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    Hello, I am brand new here, and it is a pleasure to now be a member of these forums with such fine knowledgable people! I was drawn here by an interest in antique workbenches, and when I googled that....this thread came up! The only problem is that I can't seem to download Mr. Young's pictures!

    I recently purchased a relatively small antique bench myself which is something I have always wanted to do. I am exclusively a woodcarver. Most of us do not need large benches. I won't go into detail here because this isn't my thread, and I don't want to step on toes. Perhaps, I will tell more about it elsewhere when I find the right section to do it in.

    In my search, I was saddened to find out that a lot of antique workbenches haven't been given the respect they deserve in antique circles, or that there doesn't seem to be much out there on their restoration. The emphasis is on....new, new, new. Antique dealers are marketing them as "kitchen islands" because they claim that few people want them for their original purpose! I am happy to see that there are folks here who respect these old workhorses!

  13. #13
    Hi Elmo,

    I also am a fan of old (aka antique) workbenches. They are a very personal item that allows you a glimps of what the original builder was thinking, and there's some inspiration in looking at the various marks, misses and what-nots on the bench. I like to imagine how each was used by looking at the various clues. I own a 40's/50's commercial bench with steel base (self-leveling legs) and maple butcher-block top. It was probably used in a machine shop - the top had hundreds of drill-holes and many oils and various chemical burns. I flipped the top after cleaning it up the best I could then sanded it smooth. I still need to work off the crown but for now it's at least a user. Next I'm putting an old Wilton woodworking vice on the right front (I have another bench for hand tools - this is an auxillary along one wall). I have a couple of images on my blog - here's one:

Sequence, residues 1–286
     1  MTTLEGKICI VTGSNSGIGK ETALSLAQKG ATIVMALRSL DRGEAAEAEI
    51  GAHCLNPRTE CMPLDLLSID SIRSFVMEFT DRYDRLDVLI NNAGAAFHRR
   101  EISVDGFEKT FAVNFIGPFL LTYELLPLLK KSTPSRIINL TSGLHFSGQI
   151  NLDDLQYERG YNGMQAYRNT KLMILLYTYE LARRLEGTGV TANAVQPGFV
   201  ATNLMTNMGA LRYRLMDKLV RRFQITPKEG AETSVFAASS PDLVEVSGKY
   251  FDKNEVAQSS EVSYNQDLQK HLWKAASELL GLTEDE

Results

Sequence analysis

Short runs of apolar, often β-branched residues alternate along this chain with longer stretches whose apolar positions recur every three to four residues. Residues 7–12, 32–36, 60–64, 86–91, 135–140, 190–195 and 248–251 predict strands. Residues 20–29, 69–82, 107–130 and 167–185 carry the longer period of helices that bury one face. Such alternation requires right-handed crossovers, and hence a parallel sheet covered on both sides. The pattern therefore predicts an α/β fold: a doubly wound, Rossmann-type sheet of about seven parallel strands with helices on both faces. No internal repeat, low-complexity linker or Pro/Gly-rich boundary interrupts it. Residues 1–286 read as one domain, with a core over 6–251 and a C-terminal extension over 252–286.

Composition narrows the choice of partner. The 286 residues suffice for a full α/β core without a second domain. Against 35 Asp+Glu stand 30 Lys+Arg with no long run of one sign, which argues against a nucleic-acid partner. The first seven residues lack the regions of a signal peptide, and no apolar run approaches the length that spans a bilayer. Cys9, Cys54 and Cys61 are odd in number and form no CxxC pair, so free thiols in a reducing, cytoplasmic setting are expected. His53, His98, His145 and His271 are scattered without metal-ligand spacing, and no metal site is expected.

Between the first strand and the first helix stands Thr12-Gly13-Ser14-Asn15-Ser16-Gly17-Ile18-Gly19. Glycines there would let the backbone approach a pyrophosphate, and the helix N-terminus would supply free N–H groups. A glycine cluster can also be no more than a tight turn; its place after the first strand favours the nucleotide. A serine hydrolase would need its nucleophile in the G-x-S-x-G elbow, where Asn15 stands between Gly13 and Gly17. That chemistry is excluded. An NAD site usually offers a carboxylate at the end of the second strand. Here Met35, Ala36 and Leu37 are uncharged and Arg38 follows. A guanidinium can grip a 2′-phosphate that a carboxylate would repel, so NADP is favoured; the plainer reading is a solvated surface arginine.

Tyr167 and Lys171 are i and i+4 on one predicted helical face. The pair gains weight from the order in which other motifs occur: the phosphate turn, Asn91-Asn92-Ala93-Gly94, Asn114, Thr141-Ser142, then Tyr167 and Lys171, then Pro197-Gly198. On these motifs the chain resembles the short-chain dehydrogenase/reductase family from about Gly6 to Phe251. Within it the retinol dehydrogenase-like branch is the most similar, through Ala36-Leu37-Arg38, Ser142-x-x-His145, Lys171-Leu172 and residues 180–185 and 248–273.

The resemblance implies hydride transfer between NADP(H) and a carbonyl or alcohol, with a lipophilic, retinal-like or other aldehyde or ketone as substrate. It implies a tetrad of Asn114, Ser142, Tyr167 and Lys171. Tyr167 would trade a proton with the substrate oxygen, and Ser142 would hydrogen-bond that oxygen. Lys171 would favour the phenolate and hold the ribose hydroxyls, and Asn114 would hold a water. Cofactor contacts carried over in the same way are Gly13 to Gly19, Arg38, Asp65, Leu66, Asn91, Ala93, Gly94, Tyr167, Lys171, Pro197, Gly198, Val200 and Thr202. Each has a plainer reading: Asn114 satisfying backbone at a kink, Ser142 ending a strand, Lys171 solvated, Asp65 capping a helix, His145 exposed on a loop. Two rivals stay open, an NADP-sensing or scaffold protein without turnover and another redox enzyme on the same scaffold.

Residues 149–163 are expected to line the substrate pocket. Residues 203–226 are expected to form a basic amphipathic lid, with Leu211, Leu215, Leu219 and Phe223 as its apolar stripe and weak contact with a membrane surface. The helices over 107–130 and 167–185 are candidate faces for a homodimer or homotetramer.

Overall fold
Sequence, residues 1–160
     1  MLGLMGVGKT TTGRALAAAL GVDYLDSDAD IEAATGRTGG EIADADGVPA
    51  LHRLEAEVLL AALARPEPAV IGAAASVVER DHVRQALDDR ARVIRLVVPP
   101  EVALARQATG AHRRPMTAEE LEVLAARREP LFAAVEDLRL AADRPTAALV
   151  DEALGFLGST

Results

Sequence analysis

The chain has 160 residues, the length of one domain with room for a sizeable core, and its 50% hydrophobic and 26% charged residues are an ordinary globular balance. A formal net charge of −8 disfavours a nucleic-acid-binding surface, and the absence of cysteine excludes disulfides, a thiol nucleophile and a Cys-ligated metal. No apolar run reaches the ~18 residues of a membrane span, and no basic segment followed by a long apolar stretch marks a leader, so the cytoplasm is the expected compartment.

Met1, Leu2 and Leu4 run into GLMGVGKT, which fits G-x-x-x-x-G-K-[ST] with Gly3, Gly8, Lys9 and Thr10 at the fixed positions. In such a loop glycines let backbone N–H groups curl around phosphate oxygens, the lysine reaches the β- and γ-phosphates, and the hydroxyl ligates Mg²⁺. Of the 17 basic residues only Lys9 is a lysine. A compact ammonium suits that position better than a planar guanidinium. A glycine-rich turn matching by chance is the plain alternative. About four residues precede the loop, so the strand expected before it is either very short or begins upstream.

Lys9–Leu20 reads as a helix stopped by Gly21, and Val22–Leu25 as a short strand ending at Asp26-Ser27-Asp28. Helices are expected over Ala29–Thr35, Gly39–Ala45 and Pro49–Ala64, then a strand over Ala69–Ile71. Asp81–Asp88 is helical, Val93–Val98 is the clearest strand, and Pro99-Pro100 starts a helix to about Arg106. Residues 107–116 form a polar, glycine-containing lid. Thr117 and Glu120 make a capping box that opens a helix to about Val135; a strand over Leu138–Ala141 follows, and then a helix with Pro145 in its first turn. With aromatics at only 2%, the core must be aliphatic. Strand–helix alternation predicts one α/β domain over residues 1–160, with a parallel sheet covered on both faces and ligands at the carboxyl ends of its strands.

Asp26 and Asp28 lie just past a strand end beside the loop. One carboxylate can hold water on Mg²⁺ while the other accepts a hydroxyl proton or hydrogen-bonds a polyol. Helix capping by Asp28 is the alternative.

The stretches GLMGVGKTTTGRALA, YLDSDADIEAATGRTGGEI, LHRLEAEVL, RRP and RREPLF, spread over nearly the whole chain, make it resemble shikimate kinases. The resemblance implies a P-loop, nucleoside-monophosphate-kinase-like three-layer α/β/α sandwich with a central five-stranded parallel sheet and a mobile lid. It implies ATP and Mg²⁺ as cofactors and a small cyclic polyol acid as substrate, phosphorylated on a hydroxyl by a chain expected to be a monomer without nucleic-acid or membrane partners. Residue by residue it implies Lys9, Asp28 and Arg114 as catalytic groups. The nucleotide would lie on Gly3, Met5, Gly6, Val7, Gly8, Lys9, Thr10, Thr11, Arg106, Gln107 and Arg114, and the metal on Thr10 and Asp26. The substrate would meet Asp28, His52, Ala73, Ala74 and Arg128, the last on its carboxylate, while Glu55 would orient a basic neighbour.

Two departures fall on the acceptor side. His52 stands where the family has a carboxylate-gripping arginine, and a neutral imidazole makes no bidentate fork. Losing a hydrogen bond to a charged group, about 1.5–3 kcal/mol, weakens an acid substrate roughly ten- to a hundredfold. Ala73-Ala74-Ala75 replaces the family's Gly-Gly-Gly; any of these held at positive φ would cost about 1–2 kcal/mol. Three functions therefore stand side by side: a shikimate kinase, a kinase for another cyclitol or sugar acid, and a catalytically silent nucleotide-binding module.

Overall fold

I know it's not a traditional woodworking bench - I may take some photos of the bench I made back in the 80's - it's smaller and pretty beat up, but probably closer to what you're referencing. I'd like to find something very old and restore (to a point) for everyday use, but haven't come across something like that yet.

    -- John
    "No matter where you go, there you are" -- Buckaroo Banzai



  14. #14
    Join Date
    Jun 2006
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    Quote Originally Posted by John Eaton View Post
    Hi Elmo,

    I also am a fan of old (aka antique) workbenches. They are a very personal item that allows you a glimps of what the original builder was thinking, and there's some inspiration in looking at the various marks, misses and what-nots on the bench. I like to imagine how each was used by looking at the various clues. I own a 40's/50's commercial bench with steel base (self-leveling legs) and maple butcher-block top. It was probably used in a machine shop - the top had hundreds of drill-holes and many oils and various chemical burns. I flipped the top after cleaning it up the best I could then sanded it smooth. I still need to work off the crown but for now it's at least a user. Next I'm putting an old Wilton woodworking vice on the right front (I have another bench for hand tools - this is an auxillary along one wall). I have a couple of images on my blog - here's one:


    I know it's not a traditional woodworking bench - I may take some photos of the bench I made back in the 80's - it's smaller and pretty beat up, but probably closer to what you're referencing. I'd like to find something very old and restore (to a point) for everyday use, but haven't come across something like that yet.

    -- John

    John, just looking at the picture I know that style of bench. They are sold as/to restaurants, and can be found from restaurant supply houses both new and used. One more place to look if you ever need another one.

  15. #15
    I paid around $10 for that one at an estate sale - it was really rough - painted an institutional green that was flaking off everywhere. I wanted to get it going so I didn't spend much time re-doing - sandblasted the metal, primed and put two coats of dark machinery gray (rustoleum), then scraped, filled and sanded the top. I wasn't too worried about color matching but I probably should have used sawdust/mix for the holes - it would have looked better - but this one is def a user and not a show item. The base legs actually lean to one side a bit - since it didn't have any twist I just left the lean.

    -- John
    "No matter where you go, there you are" -- Buckaroo Banzai